Over the last two decades, AP reporter Kim Chandler has seen more than a dozen executions in Alabama and has closely followed the state’s struggles to administer capital punishment, making her a leading expert when corrections officials decided to be the first in the nation to adopt a previously untested execution method.
Alabama officials opted to use nitrogen gas to execute Kenneth Eugene Smith, a prisoner who had been convicted in the 1988 murder-for-hire of Elizabeth Dorlene Sennett, a preacher’s wife.
Chandler was ideally suited to explain the story and its implication to a global audience. Her two decades of covering executions have allowed her to cultivate valuable sources and develop deep knowledge of the subject.
In the week leading up to the execution, Chandler, who is based in Montgomery, covered the last-minute legal fighting, and produced explainers for both text and video.
Her set-up story on the day of the execution was thorough and informative, and when the execution was completed, she provided key eyewitness details of Smith’s convulsions on the gurney.
Working on only a few hours of sleep, Chandler did a video debrief of what she had seen the next day, wrote an eyewitness account of the execution itself and covered a news conference where the state attorney general vowed to help other states use the new method.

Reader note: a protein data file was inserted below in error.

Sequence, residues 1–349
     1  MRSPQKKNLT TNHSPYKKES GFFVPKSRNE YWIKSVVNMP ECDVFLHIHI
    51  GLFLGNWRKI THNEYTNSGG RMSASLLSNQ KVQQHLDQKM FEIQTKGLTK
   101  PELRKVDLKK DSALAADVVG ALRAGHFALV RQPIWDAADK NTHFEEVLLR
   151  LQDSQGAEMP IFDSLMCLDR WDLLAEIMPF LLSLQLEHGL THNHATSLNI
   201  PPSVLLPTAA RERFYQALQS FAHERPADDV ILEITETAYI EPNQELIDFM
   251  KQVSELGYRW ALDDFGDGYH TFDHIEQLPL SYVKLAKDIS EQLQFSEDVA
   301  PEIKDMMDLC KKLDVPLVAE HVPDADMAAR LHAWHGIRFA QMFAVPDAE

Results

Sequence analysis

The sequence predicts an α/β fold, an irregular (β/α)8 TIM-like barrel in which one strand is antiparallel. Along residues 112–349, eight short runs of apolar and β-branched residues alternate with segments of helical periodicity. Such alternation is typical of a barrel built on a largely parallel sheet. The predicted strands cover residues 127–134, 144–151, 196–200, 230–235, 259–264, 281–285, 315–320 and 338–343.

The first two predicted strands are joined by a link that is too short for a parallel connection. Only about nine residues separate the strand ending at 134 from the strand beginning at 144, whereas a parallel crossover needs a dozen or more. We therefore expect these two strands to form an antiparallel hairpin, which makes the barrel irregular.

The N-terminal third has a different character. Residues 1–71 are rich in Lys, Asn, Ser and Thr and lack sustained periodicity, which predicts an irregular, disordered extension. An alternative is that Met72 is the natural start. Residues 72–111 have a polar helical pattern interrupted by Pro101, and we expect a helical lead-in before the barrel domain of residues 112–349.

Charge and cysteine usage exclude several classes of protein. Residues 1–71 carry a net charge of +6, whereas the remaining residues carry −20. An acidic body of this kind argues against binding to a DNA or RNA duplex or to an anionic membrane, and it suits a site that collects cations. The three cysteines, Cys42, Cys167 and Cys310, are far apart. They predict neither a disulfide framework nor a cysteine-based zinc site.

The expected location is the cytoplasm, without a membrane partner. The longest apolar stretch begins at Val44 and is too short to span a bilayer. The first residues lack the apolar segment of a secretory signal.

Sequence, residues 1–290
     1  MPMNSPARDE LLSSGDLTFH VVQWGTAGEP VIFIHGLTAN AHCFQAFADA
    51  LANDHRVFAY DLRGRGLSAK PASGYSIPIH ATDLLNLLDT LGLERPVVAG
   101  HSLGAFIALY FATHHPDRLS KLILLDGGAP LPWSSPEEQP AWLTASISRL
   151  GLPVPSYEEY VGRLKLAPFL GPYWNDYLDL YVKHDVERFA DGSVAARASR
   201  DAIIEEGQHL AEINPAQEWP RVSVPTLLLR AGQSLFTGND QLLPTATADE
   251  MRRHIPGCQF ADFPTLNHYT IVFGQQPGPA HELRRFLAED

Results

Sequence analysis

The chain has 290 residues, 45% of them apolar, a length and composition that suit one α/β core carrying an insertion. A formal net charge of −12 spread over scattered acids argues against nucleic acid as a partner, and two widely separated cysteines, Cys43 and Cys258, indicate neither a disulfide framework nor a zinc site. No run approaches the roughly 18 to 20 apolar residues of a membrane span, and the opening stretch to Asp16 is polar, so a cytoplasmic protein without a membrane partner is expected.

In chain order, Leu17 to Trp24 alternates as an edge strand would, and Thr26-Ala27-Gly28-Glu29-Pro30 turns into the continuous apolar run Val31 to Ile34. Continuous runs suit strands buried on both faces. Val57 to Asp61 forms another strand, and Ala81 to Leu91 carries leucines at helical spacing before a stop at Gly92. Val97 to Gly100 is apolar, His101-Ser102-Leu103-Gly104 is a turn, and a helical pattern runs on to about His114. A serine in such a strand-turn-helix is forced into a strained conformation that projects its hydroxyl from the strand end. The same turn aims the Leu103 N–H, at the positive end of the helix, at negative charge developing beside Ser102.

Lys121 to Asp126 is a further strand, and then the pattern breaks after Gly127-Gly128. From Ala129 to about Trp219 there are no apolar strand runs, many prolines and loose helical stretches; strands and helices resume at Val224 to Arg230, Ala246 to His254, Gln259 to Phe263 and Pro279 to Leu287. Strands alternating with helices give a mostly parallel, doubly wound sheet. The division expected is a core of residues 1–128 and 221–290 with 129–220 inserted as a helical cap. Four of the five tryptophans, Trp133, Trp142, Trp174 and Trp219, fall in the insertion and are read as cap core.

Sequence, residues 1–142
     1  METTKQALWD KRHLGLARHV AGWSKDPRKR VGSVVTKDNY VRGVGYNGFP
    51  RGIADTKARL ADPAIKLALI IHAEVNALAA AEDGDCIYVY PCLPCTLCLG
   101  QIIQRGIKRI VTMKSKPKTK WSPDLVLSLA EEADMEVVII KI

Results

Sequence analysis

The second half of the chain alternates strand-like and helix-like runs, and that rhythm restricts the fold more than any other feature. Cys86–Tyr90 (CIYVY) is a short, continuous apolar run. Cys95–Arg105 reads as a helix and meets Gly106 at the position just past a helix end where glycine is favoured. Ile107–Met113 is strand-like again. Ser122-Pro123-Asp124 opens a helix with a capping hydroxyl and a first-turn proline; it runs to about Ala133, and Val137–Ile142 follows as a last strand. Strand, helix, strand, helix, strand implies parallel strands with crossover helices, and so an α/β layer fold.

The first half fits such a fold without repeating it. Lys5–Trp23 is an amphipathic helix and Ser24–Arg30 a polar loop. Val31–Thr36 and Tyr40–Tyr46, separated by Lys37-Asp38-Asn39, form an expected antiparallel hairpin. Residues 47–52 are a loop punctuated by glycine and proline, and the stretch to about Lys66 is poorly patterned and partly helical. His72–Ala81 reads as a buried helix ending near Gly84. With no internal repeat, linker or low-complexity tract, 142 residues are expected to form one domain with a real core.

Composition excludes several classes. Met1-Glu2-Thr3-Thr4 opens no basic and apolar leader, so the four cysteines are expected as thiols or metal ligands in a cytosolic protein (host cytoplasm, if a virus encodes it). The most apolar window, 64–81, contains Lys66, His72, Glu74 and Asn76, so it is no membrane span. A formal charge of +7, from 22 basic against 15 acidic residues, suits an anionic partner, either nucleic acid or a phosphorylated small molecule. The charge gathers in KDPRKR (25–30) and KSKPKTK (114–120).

Chandler and Oklahoma’s Sean Murphy already had anticipated the story would move in that direction and collaborated for a weekend piece looking at whether other death penalty states would begin to use nitrogen gas for executions.
In addition to her many text stories and the video standups, Chandler shot photos outside the prison before the execution and of the victim’s family speaking at a news conference after.
Chandler’s coverage was among the most-viewed stories on AP News for the week. Her spot story had more than a half-million page views, making it the week’s third-most viewed story. Her first-person account had more than 115,000 page views and a 99-engagement score, while her next-day coverage had more than 140,000 page views and a 100-engagement score.
Although state officials said everything had gone according to plan, the invaluable accounts provided by Kim and other media witnesses informed the world that Smith had convulsed for several minutes in an execution that took 22 minutes to complete.
Critics around the world cited those accounts in their reactions to the execution, with a White House spokesperson calling it “very troubling” during a press briefing the next day.
As Alabama looks to move forward with more nitrogen gas executions and other states may turn toward this method, Chandler’s reporting will no doubt be cited in legal filings in the months and years to come.
For bravely serving as a witness and describing and explaining in detail a new execution method and its implications for the future, Chandler earns Best of the Week — Second Winner.